At the close of the evidence the jury was given a verdict form which directed it to decide first whether the Johnson Johnson plaster was defective as a result of malfunction, second whether it was defective as a result of failure to warn the user, and if the answer to either of these questions was affirmative, to decide thirdly whether the defect was a substantial factor in bringing about the plaintiffs' harm. The jury returned a verdict against Johnson Johnson only on the malfunction theory by answering affirmatively to that question and to the question of the malfunction's having caused the plaintiffs' harm. The jury did not answer or consider the question regarding a failure to warn. Per the trial court's instructions, once it answered affirmatively as to malfunction and causation, the jury did not reach remaining questions on the verdict form dealing with the negligence of any defendant.

Johnson Johnson appealed the judgment following the denial of its post-trial motions. The Superior Court reversed and granted a new trial. The Superior Court concluded that because Johnson Johnson had adduced sufficient evidence of negligence on the part of Dr. Naame to submit that issue to a jury, the plaintiffs had not sustained their burden of proof in eliminating reasonable, secondary causes for the malfunction. The Superior Court reasoned:

In a case where there is sufficient evidence of negligent human intervention as a cause of the malfunction of a product to enable a trial court to conclude that an independent theory as to the cause of the plaintiff's injuries based on that negligence merits submission to the jury, the plaintiff has not sustained its burden of eliminating other reasonable secondary causes for the malfunction. Thus, the malfunction theory strict liability claim of such a plaintiff must fail in that he has failed to present a jury question as to the existence of a defect which is an essential element of his cause of action.

368 Pa. Super. 109 at 127, 533 A.2d 739 (1987). We are constrained to disagree.

Although the Superior Court has considered the malfunction theory of strict liability, see Thompson v. Anthony Crane Rental Inc., 325 Pa. Super. 386, 473 A.2d 120 (1984); MacDougall v. Ford Motor Company, 214 Pa. Super. 384, 257 A.2d 676 (1969), this Court has never fully adopted it. But see Kuisis v. Baldwin-Lima-Hamilton Corp., 457 Pa. 321, 319 A.2d 914 (1974) (plurality opinion). Since Webb v. Zern, 422 Pa. 424, 220 A.2d 853 (1966), this Court has recognized a plaintiff's right to pursue an action in strict liability against the manufacturer of a product pursuant to section 402A of the Restatement (Second) of Torts. A plaintiff presents a prima facie case of strict liability by establishing that the product was defective and that the product caused the plaintiff's injury. Sherk v. Daisy-Heddon, 498 Pa. 594, 598, 450 A.2d 615, 617 (1982). In most instances the plaintiff will produce direct evidence of the product's defective condition. In some instances, however, the plaintiff may not be able to prove the precise nature of the defect in which case reliance may be had on the "malfunction" theory of product liability. This theory encompasses nothing more than circumstantial evidence of product malfunction. See MacDougall, 214 Pa.Super. at 391, 257 A.2d at 680. It permits a plaintiff to prove a defect in a product with evidence of the occurrence of a malfunction and with evidence eliminating abnormal use or reasonable, secondary causes for the malfunction. See Thompson, 325 Pa.Super. at 394, 473 A.2d at 125; MacDougall, 214 Pa.Super. at 391, 257 A.2d at 680. It thereby relieves the plaintiff from demonstrating precisely the defect yet it permits the trier-of-fact to infer one existed from evidence of the malfunction, of the absence of abnormal use and of the absence of reasonable, secondary causes. See Thompson, 325 Pa.Super. at 394, 473 A.2d at 125; MacDougall, 214 Pa.Super. at 391, 257 A.2d at 680. We now accept this evidentiary approach as appropriate in ascertaining the existence of a defect in the manufacturing process.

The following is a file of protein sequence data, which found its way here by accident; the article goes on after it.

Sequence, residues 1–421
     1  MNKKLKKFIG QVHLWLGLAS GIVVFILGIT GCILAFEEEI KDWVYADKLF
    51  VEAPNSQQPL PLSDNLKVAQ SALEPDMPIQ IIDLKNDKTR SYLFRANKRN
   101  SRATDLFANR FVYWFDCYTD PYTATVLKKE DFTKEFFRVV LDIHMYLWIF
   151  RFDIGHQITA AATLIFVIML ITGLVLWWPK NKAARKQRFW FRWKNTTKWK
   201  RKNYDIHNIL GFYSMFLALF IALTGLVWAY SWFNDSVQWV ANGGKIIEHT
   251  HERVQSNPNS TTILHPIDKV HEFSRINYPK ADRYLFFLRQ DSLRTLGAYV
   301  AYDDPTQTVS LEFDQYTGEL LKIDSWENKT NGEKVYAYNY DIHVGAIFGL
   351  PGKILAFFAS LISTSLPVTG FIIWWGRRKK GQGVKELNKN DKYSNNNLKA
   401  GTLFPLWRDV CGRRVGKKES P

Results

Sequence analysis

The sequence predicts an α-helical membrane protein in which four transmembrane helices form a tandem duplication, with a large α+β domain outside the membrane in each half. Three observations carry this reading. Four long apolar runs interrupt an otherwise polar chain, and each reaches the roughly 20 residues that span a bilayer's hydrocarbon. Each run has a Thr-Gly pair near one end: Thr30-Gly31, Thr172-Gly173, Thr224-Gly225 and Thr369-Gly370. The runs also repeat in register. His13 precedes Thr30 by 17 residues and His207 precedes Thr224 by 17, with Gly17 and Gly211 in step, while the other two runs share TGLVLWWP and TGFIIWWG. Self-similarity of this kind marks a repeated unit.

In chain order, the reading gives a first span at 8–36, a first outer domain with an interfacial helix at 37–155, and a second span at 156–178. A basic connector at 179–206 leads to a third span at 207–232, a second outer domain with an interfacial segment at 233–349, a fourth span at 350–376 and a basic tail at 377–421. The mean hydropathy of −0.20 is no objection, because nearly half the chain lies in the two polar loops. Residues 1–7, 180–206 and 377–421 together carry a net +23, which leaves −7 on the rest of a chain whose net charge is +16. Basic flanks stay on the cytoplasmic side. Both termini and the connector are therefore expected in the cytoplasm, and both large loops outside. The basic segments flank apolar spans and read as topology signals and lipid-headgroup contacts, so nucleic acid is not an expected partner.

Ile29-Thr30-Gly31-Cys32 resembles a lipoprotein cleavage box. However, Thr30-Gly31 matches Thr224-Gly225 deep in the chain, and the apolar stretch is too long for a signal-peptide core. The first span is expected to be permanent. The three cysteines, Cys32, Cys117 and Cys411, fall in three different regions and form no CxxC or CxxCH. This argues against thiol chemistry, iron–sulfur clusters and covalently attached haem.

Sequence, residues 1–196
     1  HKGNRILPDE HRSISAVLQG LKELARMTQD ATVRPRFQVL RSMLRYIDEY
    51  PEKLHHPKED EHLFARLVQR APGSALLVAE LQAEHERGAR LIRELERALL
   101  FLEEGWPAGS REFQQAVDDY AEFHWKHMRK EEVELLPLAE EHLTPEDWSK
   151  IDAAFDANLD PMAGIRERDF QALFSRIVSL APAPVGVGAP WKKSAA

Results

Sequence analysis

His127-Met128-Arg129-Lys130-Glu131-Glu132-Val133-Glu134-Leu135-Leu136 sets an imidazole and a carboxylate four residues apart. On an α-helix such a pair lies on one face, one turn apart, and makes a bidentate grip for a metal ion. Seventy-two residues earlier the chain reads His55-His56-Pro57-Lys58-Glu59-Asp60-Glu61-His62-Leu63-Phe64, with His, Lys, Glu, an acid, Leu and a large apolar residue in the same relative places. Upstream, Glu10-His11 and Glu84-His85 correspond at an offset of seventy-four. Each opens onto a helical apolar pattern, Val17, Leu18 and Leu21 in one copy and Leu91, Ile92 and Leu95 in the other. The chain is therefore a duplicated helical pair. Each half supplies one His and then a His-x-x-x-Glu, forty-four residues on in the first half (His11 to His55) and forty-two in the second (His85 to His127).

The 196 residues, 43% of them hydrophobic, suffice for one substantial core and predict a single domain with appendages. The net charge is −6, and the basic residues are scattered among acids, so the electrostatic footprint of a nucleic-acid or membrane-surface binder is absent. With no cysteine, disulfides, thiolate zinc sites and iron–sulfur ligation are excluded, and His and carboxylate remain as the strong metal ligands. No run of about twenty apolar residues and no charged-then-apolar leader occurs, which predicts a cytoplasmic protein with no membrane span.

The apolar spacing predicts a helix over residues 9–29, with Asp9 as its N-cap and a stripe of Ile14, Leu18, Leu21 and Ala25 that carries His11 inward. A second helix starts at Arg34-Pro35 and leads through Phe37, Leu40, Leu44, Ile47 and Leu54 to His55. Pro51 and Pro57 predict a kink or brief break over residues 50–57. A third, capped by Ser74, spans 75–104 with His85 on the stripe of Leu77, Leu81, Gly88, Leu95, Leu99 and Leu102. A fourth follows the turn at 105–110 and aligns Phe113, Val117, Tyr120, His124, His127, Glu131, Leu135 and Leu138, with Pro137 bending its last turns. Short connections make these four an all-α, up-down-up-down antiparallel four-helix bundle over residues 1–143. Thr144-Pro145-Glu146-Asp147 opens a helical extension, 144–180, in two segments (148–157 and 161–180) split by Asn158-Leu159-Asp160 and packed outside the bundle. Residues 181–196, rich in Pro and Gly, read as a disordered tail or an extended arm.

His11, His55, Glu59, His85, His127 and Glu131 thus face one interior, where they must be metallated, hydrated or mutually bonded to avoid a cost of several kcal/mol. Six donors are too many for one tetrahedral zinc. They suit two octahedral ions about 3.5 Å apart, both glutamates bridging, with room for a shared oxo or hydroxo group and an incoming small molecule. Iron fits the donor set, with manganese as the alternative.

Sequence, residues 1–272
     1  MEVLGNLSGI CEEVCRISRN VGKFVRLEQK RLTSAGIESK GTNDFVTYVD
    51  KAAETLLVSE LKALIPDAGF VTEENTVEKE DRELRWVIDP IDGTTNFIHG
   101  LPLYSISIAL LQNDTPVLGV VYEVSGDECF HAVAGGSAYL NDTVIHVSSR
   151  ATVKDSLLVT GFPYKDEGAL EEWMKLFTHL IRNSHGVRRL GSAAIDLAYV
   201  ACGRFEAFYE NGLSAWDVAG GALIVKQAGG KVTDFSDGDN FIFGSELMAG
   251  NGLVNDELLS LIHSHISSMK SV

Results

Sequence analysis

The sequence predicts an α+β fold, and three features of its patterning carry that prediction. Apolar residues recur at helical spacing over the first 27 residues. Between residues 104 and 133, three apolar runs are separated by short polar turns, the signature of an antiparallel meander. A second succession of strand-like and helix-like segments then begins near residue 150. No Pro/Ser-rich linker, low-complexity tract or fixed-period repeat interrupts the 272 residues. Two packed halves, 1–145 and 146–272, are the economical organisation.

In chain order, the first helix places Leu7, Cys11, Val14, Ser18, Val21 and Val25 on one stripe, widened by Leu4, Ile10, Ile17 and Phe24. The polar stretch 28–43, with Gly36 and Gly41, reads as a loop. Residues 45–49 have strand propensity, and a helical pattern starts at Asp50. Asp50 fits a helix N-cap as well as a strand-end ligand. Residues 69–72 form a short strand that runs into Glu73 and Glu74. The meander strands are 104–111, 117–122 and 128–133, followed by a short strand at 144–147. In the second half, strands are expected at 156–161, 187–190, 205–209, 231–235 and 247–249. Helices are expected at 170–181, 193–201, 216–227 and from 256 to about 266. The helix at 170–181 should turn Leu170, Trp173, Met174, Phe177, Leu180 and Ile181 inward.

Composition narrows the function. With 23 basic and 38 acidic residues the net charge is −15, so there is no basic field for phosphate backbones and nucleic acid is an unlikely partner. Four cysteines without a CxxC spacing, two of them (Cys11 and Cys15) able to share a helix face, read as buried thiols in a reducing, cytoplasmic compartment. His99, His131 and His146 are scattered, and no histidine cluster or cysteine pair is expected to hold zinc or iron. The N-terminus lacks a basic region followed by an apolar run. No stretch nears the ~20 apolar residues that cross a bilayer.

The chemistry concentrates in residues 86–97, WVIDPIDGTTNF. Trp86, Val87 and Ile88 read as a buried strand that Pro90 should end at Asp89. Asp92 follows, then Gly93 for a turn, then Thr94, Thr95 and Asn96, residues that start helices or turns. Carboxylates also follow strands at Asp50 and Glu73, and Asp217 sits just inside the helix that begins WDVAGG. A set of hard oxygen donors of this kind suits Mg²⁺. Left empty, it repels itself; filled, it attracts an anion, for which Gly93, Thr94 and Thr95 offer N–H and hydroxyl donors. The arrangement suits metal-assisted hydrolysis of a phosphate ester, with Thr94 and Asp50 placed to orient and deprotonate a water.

The Restatement provides:

Special Liability of Seller of Product for Physical Harm to User or Consumer

(1) One who sells any product in a defective condition unreasonably dangerous to the user or consumer or to his property is subject to liability for physical harm thereby caused to the ultimate user or consumer, or to his property, if

(a) the seller is engaged in the business of selling such a product, and

(b) it is expected to and does reach the user or consumer without substantial change in the condition in which it is sold.

(2) The rule stated in Subsection (1) applies although
(a) the seller has exercised all possible care in the preparation and sale of his product, and

(b) the user or consumer has not bought the product from or entered into any contractual relation with the seller.

At the close of the plaintiff's case-in-chief, a defendant manufacturer will have three evidentiary avenues to pursue: the occurrence of the malfunction, the presence of abnormal use or the presence of reasonable, secondary causes. In this instance Johnson Johnson attacked the plaintiffs' evidence eliminating secondary causation by introducing evidence of the doctors' malpractice. This evidence was sufficient to submit the issue of medical malpractice to the jury. As the Superior Court would have it, however, Johnson Johnson was entitled to a directed verdict on the malfunction issue once it introduced sufficient evidence of secondary causation, i.e., medical malpractice, to permit this defense to go to the jury. We cannot agree with this circular logic as it essentially mandates the grant of a directed verdict should the defendant manufacturer produce any evidence of reasonable, secondary causation.